320px-trump_protest_283075103129029It should be evident that the U.S. needs a radical break with the past. Unfortunately, for the liberal centrist, radicalism is anathema, regardless of its principles. A supporter of far-left causes is as harmful to the body politic as a fascist. Last year, moderate pundits decried Trump’s surging popularity on the back of his anti-immigrant, Islamophobic rhetoric, equating him with Adolf Hitler. These same pundits then lambasted anti-Trump protesters for disrupting pro-Trump rallies and fighting with Trump supporters. This seeming contradiction reached peak levels on Inauguration Day, when an anti-fascist protester punched prominent white nationalist and leader of the “alt-right,” Richard Spencer. Those same pundits started to debate whether it was acceptable to use violence against someone whose views are essentially synonymous with Nazism. For some political “experts,” the political sphere must preserve civility and decorum in the political sphere, even as advocates of racial hatred gain a worrying amount of mainstream credibility. While perfect parallels between the 1920s and the 2010s cannot be drawn, it is worth remembering that fascism did not flourish in Europe entirely by force, but by becoming normalized as a valid and respectable political force.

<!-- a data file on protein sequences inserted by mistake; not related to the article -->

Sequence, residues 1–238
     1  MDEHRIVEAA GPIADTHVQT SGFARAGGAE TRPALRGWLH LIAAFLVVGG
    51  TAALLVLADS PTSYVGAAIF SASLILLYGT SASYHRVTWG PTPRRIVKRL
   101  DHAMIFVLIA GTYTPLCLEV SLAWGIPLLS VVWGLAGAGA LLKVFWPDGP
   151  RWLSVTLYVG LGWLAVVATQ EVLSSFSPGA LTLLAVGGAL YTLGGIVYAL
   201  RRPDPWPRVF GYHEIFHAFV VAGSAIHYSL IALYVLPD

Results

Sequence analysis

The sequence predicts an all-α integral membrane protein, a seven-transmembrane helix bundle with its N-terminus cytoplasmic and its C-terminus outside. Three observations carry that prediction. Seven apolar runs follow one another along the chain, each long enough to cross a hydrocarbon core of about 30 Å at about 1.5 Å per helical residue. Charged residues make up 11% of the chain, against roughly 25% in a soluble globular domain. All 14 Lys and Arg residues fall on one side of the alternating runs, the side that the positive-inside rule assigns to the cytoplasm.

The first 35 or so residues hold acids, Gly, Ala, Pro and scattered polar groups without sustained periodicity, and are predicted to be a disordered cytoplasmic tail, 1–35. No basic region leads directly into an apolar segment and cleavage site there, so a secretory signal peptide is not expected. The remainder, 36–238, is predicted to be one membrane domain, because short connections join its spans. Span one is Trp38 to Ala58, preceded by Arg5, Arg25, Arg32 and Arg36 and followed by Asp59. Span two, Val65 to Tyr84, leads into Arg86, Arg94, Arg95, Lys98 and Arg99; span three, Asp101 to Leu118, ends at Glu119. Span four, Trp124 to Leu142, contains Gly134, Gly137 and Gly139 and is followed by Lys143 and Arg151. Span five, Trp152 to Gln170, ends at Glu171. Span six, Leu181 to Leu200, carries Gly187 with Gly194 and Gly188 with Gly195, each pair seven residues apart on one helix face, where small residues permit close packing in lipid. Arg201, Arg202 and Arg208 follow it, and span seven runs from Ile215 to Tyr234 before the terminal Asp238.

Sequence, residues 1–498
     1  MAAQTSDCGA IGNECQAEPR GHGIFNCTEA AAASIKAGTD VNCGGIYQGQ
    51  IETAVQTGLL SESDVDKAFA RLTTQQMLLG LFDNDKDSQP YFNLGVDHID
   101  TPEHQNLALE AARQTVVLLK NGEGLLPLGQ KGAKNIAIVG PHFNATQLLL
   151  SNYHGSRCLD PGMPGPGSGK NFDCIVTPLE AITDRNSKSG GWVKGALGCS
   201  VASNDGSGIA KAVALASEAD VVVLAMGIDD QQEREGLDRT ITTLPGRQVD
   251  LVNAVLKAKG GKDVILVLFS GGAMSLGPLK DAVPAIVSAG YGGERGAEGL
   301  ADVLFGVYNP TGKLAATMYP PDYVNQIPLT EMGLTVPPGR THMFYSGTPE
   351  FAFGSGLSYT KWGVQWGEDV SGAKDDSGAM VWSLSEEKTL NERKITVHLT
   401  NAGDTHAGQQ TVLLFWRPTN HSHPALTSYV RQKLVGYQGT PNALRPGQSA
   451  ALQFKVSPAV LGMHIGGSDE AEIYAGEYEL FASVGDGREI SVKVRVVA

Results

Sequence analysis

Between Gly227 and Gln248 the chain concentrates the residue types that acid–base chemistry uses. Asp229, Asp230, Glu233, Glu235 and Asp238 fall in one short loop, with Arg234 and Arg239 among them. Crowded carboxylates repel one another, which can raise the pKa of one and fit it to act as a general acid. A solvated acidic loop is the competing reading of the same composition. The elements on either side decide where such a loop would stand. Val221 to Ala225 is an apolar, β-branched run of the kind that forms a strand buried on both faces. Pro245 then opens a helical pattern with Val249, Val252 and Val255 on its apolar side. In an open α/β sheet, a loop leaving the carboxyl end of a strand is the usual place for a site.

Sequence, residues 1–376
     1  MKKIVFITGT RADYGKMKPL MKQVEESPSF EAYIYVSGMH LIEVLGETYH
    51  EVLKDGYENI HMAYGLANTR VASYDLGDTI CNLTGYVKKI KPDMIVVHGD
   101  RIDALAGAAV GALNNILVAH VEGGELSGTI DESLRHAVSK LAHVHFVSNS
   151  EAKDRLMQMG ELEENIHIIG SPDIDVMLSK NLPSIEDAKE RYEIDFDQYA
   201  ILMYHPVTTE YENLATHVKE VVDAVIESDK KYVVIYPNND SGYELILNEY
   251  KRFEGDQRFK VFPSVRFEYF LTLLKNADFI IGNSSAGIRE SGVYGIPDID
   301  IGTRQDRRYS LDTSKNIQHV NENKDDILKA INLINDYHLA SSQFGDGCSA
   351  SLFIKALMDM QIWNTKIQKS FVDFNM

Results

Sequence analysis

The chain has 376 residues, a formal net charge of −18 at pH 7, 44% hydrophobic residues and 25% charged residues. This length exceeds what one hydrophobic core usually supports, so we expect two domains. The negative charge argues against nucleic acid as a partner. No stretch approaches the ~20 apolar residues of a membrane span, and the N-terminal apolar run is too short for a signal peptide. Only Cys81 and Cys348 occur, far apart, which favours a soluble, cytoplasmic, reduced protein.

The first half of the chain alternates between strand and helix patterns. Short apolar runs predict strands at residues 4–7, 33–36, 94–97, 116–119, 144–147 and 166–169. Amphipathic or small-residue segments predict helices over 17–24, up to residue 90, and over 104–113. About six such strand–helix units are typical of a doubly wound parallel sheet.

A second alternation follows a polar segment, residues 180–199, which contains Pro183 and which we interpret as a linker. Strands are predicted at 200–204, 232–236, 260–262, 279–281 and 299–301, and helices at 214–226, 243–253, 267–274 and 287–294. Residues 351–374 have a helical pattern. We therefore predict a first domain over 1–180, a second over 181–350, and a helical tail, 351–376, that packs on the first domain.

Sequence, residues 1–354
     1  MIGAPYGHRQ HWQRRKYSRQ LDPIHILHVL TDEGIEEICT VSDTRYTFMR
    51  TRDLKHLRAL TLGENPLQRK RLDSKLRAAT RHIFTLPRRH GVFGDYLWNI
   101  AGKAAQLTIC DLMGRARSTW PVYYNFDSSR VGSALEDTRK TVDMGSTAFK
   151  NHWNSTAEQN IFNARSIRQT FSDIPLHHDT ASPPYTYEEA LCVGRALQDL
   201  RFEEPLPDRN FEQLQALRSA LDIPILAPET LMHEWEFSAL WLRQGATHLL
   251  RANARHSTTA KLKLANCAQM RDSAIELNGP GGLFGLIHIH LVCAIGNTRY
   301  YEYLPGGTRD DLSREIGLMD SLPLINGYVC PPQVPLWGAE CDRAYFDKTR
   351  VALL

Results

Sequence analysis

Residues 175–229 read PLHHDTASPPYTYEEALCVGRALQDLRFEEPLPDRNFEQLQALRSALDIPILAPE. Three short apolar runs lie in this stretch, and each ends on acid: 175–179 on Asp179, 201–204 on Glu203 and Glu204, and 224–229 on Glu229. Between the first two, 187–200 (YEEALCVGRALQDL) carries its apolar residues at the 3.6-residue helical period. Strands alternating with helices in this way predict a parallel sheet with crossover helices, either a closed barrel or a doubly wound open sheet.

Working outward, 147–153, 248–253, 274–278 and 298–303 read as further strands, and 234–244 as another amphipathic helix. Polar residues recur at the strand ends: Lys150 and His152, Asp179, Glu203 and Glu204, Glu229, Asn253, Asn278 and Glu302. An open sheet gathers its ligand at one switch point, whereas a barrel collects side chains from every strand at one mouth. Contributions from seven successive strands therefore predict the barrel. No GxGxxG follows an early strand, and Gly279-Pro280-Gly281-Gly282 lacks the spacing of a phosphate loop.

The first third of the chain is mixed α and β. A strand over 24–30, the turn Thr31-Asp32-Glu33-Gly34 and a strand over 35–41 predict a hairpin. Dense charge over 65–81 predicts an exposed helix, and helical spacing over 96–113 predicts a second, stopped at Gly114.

For many progressives, that liberals could so ardently defend the rights of fascists given the lessons of the early 20th century is maddening, but it is understandable. Cooperation and consensus lies at the heart of the liberal mindset. Liberalism opposes the reduction of individual liberty for the health of the community; the state only holds the power granted to it by the people, whose natural rights are inviolate. In a political environment of moderation and compromise, citizens employ reason to arrive at utilitarian outcomes, just as merchants negotiate mutually beneficial arrangements. The presence of a regulator interfering with the organic, rational transaction goes against the premium liberalism places on freedom. As such, a racist such as Richard Spencer must have the freedom to espouse his vitriol without the threat of physical harm. In the marketplace of ideas, the liberal argues, racism on its own will gain no currency; to remove it from the shelf sets us down the slippery slope of wanton censorship and eventually repression.